February 18, 2013
Regardless of where you are in your business life cycle right now, you need to understand the various classes of trade, the ways that you can get your product to the end consumer, because each of these will affect how much money you make from each product. I’m going to go into more depth about the pricing and margins for each class of trade later this week but thought it made sense to start with an overview. Also, as you can tell, no expense was spared in creating the graphics to go along with this article.
Depending on what type of food business you have, many food entrepreneurs start by selling direct to consumers. This can be sales made from your food truck to the customer standing outside eagerly awaiting your culinary concoction, a product you sell at a farmers’ market, festival, or even from your own retail store, or even products sold online. In all cases you are selling directly to the end customer.
But what if you would like to – either now or down the road – sell to retailers? This, again, could be either online, mail order, or brick-and-morter retailers but all of these are third parties who are not affiliated with your company. Now we’ve added another class of trade, and as we’ll see later this week, another pricing layer you need to take into consideration.
All well and good but we’re not done yet. As a small food business you likely don’t have a dedicated sales team that can go out and call on all those retailers so you may start working with a broker to help you open new retail accounts. A broker is, essentially, an independent sales representative who has a number of different products and brands s/he reps. Typically, brokers don’t carry any inventory and they are paid a commission based on sales they make to the stores. And as such, there’s another layer of pricing you need to keep in mind.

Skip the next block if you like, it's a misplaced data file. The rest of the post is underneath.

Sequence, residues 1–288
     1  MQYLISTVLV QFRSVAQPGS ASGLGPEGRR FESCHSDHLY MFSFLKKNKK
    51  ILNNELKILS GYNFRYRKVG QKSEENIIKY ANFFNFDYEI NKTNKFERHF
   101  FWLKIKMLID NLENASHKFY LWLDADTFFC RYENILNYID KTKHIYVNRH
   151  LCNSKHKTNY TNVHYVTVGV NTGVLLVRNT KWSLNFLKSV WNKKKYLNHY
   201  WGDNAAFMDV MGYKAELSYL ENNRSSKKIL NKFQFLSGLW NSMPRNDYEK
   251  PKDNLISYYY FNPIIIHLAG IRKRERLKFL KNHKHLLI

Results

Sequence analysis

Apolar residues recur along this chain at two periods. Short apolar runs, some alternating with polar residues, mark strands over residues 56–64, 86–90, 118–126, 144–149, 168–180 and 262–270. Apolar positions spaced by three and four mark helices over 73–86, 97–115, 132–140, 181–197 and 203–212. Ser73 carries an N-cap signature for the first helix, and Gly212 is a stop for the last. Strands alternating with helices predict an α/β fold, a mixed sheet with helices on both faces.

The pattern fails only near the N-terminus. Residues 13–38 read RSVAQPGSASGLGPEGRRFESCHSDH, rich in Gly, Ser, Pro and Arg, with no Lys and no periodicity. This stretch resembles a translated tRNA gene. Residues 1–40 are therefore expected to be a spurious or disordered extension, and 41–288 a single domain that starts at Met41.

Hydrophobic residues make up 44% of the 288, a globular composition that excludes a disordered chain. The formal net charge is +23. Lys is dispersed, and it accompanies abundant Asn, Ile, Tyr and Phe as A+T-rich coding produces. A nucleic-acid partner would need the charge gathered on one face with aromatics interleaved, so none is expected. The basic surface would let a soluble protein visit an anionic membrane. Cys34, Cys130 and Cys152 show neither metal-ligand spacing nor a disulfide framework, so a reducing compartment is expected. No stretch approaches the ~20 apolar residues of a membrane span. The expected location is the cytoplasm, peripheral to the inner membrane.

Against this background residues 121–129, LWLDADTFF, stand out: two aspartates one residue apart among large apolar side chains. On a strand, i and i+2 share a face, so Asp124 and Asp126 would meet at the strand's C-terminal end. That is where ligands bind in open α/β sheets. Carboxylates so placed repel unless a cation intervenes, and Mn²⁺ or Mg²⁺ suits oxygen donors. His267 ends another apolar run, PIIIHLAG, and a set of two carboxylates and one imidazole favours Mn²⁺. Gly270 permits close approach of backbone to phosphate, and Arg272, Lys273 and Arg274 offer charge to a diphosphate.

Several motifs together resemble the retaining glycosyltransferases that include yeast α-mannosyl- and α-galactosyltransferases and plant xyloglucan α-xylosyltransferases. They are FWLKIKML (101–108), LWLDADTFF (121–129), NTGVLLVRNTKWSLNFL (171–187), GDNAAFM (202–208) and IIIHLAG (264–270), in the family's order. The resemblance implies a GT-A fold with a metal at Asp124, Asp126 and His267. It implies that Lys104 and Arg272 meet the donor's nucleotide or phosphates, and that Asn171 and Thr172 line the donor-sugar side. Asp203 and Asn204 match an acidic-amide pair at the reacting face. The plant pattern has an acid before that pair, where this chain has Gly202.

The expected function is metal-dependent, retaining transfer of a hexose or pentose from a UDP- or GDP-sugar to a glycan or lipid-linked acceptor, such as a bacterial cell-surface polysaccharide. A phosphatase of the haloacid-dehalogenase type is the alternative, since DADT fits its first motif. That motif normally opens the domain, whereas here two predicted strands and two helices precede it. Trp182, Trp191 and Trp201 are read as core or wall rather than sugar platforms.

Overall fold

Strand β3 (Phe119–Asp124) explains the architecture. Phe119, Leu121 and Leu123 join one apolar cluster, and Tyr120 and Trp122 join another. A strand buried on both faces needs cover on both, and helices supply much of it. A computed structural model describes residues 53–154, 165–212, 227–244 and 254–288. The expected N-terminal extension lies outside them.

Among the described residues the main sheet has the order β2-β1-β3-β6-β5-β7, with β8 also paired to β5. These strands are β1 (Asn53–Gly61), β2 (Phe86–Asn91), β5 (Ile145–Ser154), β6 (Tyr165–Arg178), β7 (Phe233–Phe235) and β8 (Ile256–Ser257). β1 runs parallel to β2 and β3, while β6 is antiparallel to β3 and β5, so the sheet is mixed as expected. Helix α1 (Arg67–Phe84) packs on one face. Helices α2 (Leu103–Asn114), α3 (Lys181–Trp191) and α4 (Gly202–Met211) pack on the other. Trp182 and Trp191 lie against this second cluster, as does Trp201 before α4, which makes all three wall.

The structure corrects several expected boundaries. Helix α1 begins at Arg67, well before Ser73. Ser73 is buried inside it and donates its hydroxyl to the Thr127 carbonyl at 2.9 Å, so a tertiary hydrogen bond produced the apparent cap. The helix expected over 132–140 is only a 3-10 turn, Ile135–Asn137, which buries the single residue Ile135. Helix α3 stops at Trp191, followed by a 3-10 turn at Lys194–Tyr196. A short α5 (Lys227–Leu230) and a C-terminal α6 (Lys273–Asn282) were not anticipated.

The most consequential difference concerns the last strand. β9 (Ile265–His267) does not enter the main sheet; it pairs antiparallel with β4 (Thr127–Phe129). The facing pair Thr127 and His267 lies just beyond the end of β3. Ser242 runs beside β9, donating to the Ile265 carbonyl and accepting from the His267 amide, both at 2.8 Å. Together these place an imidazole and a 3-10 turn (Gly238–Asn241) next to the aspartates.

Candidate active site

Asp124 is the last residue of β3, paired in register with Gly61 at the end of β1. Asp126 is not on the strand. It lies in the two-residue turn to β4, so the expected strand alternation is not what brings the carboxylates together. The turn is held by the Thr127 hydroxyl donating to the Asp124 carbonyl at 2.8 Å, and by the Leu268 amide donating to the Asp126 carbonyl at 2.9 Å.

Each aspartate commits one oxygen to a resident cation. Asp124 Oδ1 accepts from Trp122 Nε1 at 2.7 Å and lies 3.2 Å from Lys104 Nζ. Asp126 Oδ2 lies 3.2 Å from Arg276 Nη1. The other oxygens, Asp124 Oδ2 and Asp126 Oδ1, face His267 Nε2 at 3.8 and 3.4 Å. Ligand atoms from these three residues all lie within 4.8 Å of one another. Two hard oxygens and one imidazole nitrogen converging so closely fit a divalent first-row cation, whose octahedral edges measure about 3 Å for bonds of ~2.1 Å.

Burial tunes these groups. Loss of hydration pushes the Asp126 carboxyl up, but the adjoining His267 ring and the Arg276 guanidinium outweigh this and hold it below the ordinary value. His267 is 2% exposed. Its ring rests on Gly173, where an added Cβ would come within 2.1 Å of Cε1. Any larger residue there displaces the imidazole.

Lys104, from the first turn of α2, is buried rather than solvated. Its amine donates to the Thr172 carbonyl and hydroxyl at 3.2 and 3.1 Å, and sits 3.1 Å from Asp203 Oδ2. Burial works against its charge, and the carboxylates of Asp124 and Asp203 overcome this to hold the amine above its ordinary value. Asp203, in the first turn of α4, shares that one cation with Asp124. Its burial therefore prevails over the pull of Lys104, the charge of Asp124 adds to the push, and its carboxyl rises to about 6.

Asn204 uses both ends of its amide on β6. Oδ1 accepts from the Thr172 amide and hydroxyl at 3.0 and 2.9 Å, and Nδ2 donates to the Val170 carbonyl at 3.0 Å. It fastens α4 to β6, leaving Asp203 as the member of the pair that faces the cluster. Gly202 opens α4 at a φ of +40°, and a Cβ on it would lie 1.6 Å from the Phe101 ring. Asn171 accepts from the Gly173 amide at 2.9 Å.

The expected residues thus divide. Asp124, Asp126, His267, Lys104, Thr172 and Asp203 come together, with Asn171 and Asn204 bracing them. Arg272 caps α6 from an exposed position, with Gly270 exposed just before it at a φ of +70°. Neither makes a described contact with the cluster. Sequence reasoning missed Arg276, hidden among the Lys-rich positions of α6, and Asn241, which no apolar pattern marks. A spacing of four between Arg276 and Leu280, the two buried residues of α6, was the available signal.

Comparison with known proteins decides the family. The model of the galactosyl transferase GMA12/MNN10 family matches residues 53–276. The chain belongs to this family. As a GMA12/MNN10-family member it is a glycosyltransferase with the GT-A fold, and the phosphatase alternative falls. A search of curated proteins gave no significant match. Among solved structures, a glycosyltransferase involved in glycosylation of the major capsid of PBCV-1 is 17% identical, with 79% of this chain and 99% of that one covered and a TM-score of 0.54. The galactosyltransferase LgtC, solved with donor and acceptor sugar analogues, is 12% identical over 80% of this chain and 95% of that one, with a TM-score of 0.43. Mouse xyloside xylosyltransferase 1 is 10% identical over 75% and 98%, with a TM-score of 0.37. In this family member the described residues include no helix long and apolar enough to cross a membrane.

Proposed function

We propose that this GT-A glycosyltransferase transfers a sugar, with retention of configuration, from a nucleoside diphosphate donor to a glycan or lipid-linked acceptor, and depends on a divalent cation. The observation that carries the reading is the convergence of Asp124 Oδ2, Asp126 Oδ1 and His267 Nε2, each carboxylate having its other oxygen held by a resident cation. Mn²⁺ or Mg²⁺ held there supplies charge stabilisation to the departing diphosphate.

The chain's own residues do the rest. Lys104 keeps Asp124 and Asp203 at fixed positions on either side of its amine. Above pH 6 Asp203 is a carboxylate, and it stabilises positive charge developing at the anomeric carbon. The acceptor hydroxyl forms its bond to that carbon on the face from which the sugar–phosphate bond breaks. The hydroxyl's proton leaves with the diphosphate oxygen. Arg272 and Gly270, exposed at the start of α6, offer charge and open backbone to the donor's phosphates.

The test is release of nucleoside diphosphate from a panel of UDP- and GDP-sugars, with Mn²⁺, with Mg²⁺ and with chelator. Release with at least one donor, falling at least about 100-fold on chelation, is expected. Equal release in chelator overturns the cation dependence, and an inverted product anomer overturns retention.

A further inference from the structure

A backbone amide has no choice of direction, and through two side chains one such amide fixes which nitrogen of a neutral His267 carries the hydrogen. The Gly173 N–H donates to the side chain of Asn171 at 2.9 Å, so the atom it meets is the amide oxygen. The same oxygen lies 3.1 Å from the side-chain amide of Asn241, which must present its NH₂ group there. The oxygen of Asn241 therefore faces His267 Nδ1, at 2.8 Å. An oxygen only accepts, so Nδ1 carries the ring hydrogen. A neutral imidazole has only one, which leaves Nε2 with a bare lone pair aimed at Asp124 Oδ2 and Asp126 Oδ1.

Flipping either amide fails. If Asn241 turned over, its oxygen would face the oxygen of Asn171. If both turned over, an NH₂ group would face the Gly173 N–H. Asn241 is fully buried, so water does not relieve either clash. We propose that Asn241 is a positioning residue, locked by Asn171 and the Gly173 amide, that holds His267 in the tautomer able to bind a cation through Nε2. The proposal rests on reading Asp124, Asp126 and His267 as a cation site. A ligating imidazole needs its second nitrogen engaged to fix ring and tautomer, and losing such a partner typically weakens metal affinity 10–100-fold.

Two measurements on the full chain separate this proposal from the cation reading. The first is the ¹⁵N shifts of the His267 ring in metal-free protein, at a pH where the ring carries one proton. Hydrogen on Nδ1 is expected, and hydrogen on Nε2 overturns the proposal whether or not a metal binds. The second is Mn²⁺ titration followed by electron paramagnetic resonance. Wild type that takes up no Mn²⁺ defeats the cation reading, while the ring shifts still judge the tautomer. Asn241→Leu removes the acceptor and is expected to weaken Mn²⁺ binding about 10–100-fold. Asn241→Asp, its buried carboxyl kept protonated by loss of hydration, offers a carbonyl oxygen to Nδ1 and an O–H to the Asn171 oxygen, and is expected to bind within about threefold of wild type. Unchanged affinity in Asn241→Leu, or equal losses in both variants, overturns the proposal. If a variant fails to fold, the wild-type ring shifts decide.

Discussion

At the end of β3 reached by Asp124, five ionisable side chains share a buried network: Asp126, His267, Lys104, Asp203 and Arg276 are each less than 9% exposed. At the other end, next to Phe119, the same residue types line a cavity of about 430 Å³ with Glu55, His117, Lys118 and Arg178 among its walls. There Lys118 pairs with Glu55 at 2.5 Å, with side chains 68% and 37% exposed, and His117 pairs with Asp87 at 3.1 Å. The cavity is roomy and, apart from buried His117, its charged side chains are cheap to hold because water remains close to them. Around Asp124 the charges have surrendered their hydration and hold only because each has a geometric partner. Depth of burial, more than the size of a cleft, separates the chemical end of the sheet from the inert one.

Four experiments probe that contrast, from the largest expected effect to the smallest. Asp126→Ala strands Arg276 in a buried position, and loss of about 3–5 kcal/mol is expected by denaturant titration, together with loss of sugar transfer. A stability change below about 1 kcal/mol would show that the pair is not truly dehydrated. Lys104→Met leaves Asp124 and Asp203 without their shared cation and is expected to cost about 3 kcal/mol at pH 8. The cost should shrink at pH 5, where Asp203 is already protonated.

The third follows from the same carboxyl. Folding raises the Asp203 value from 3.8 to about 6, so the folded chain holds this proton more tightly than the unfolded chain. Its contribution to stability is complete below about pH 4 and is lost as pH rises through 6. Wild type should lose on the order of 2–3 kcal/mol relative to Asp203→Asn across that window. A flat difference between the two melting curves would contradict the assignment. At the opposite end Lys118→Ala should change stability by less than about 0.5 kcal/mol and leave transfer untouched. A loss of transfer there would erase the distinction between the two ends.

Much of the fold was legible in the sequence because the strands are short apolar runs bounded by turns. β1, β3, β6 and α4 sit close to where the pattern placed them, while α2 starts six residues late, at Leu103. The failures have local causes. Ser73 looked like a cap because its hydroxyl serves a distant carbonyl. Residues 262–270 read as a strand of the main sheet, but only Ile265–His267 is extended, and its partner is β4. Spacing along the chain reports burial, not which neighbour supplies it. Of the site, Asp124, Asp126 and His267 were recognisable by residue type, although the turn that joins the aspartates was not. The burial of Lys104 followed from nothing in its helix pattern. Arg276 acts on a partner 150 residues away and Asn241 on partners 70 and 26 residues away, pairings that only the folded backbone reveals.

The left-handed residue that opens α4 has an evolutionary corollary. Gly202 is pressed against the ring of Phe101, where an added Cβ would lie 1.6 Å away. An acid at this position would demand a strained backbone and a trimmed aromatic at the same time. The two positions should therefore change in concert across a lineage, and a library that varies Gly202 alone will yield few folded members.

Lastly, especially if you plan to work with supermarkets or chains, you will likely at some point need to work with distributors. Like brokers, distributors have a selection of products in their portfolio and they help get that product onto store shelves. Unlike brokers though, distributors take some of the inventory risk in that they will buy directly from you and hold the product in their warehouse. Of course, all of this comes with yet another price point…
So there we have it. The four main classes of trade – direct to consumer, wholesale (selling to retailers), via brokers, and via distributors – for food businesses. Like I said earlier, lots of articles this week because each day we’re going to break down one of those classes of trade and look at it a little more in-depth from the standpoint of margins, pricing, and profit.
Enjoy those graphics? As you can tell, Small Food Business has a big budget these days!